“Our tech stack is essentially React on web and React Native on iOS and Android,” Pietruszewski said. “We’re a tiny company, and so we share >80% of app’s codebase between these 3 platforms.

“Our app sorely lacks a WYSIWYG editor. We had a working implementation on web, but we decided to scrap it, because there was no way to port it on iOS and Android. There are pretty much no viable rich text editors for iOS or Android, yet alone both. But even then, shipping three completely separate, but somehow compatible editors would be a vast amount of work.”

When Peitruszewski originally made his case to the mobile team, he identified Gutenberg/Aztec as a basic infrastructure that has the potential to enable many different apps:

And that infrastructure is sorely lacking. There are very few rich text editor libraries on both iOS and Android — and most of them suck. And if you want an editor that has a shared API for both platforms… you’re stuck. There are no options – Gutenberg is the only game in town (and it’s really good).

And it’s very hard to create this infrastructure. WYSIWYG editors are very hard, and it takes entire teams years to develop them (and they still usually suck). Almost no-one has the resources to develop it just for themselves, and if they do, they’re unwilling to open-source it.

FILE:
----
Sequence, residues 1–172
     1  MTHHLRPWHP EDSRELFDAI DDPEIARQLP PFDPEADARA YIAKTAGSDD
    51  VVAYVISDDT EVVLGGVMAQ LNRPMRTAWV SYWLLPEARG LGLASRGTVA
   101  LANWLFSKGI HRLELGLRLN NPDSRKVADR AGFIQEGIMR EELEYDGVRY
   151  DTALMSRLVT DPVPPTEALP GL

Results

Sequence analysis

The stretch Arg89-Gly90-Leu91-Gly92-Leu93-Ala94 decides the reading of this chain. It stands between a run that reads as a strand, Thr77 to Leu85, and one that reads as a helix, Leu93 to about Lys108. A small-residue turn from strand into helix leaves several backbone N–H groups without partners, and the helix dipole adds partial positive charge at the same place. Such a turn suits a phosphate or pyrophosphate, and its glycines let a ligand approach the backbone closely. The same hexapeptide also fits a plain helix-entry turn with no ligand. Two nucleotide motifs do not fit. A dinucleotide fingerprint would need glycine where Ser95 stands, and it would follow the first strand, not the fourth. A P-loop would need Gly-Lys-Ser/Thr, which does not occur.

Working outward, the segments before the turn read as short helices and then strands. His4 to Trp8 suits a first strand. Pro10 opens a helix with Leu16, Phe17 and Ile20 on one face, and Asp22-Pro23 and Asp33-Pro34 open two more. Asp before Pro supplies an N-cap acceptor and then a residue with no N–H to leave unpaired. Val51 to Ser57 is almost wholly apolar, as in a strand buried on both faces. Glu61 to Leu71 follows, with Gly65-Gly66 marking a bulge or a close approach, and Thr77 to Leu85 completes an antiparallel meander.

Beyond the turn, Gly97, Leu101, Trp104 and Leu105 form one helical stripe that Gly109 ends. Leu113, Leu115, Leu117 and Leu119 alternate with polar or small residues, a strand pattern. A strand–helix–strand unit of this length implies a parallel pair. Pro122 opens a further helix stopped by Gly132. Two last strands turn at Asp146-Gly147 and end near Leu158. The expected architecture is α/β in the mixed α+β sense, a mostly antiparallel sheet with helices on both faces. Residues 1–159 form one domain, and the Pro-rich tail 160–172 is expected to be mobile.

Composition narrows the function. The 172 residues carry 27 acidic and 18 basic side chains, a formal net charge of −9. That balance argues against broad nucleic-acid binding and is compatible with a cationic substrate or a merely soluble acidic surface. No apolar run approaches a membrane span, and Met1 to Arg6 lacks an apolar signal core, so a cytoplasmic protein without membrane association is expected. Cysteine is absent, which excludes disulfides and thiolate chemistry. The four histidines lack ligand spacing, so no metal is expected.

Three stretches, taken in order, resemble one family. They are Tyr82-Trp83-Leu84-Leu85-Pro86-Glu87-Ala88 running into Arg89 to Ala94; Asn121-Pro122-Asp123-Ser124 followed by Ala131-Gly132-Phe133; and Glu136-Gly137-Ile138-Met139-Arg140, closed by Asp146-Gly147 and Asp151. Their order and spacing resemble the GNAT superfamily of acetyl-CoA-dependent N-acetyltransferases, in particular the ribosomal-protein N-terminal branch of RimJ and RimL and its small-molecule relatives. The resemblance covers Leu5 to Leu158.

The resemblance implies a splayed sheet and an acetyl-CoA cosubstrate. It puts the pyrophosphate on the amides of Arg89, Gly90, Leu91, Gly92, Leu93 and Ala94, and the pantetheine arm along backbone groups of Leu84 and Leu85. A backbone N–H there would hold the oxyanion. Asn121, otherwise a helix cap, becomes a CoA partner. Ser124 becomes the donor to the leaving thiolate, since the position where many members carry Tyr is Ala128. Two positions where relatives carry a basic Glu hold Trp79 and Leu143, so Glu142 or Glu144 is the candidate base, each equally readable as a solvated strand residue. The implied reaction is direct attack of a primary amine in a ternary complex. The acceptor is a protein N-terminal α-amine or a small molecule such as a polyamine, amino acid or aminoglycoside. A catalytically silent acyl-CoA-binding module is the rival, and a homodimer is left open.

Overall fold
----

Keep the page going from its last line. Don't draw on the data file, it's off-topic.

Automattic’s mobile app engineers have struggled to get regular contributions to the apps, despite them being open source. Dual licensing Gutenberg could open up a new world of contributors with the editor being used more widely across the industry.

“While we might not be big enough to be able to tackle a challenge of developing a rich text editor from scratch, we’re big enough to contribute features and bug fixes to open source projects,” Pietruszewski said.

Matt Mullenweg was the first comment on Biais’ post in favor of the change:

I think Gutenberg has a chance to become a cross-CMS standard, giving users a familiar interface any place they currently have a rich text box. There are hundreds and hundreds of engineers at other companies solving similar problems in a proprietary way, it would be amazing to get them working together but a huge barrier now is supporting Gutenberg in mobile apps, which every modern web service or CMS has. (Hypothetically, think of Mailchimp as a possible consumer and collaborator here, but it could be any company, SaaS, or other open source CMS.)